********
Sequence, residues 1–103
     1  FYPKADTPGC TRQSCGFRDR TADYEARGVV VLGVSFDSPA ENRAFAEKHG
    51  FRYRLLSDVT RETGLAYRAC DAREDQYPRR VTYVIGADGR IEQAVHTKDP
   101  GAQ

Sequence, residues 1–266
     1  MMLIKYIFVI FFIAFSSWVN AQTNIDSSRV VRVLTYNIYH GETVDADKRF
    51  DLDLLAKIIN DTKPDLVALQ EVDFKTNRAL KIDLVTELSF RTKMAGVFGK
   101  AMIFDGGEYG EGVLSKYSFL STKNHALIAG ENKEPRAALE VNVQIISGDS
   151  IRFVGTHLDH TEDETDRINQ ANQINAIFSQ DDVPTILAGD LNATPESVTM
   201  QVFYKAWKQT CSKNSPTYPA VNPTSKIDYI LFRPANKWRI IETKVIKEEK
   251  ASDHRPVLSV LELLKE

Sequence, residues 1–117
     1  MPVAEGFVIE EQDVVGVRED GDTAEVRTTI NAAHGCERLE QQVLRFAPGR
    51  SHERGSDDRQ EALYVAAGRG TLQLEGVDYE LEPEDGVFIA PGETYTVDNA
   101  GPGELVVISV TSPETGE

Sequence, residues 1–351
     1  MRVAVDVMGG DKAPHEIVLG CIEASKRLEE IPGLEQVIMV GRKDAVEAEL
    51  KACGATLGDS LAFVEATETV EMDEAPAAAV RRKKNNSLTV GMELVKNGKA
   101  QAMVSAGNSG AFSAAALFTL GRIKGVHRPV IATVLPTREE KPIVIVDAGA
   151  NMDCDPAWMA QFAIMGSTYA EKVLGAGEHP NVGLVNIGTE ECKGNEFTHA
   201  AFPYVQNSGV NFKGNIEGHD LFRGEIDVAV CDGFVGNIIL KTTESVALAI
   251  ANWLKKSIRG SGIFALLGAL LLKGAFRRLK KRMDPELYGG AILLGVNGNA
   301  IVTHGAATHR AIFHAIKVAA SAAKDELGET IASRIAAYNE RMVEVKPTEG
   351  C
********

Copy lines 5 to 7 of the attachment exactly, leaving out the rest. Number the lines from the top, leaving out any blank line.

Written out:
Sequence, residues 1–266
     1  MMLIKYIFVI FFIAFSSWVN AQTNIDSSRV VRVLTYNIYH GETVDADKRF
    51  DLDLLAKIIN DTKPDLVALQ EVDFKTNRAL KIDLVTELSF RTKMAGVFGK